[Event(3, Keywords = Keywords.Requests)]
                    public void RequestCompleted(int RequestID) { WriteEvent(3, RequestID); }
                    [Event(4, Keywords = Keywords.Debug)]
                    public void DebugTrace(string Message) { WriteEvent(4, Message); }
                    public class Keywords   // This is a bitvector
                        public const EventKeywords Requests = (EventKeywords)0x0001;
                        public const EventKeywords Debug = (EventKeywords)0x0002;
                    static public MyCompanyEventSource Logger = new MyCompanyEventSource();

 In this example, we define a ‘MyComanyEventSource’ and define a static instance of it (in brown at the bottom).   This EventSource has 4 events defined, and you can see that each of these events is ‘Decorated’ with an ‘Event’ Attribute which tells the EventSource base class more about the particular event.   These Event Attributes contain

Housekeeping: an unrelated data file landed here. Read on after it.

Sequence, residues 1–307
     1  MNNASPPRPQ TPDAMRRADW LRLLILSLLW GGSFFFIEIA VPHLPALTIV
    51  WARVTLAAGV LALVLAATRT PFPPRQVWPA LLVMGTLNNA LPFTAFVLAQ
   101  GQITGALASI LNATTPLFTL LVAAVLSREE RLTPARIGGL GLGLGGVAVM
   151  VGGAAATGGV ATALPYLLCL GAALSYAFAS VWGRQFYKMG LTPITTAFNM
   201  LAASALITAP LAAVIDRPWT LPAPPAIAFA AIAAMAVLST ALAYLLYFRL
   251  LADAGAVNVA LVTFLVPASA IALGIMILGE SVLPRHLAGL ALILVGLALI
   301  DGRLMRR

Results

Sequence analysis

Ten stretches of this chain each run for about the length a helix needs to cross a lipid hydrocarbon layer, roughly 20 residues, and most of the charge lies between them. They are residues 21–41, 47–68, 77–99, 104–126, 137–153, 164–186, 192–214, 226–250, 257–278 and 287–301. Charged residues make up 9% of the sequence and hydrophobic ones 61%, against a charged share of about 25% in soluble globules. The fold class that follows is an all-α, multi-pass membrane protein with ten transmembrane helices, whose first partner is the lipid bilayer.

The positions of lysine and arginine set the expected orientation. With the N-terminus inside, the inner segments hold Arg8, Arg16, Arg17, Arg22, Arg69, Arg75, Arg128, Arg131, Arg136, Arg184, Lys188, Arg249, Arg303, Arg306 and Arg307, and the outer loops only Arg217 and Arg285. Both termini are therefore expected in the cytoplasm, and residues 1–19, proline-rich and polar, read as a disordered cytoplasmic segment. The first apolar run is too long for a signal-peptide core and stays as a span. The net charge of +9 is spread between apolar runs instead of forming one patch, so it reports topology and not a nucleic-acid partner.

1. The Event Number.  Each event is given a unique number.  This is the same number that is passed to the first parameter of the ‘WriteEvent’ method in the event’s body.  
  2. A set of additional ETW ‘decorations’ (Properties) for that event.   In this case we use two additional properties
    1. The ‘Keywords’ property indicates the keywords bitvector for the event (in blue).  You can see that we define two keywords: Requests, and Debug. 
    2. The ‘Level’ property indicates the level (verbosity) for the event.  By default is is ‘Informational’ but in the example above we made ‘RequestPhase’ a verbose event.

In addition to the event definitions themselves, there is also a nested class called ‘Keywords’ (you MUST use this name and it MUST be nested) which defined the numeric values for the keywords used in the event definitions.   Each of these should be a binary bit in the 64 bit long value.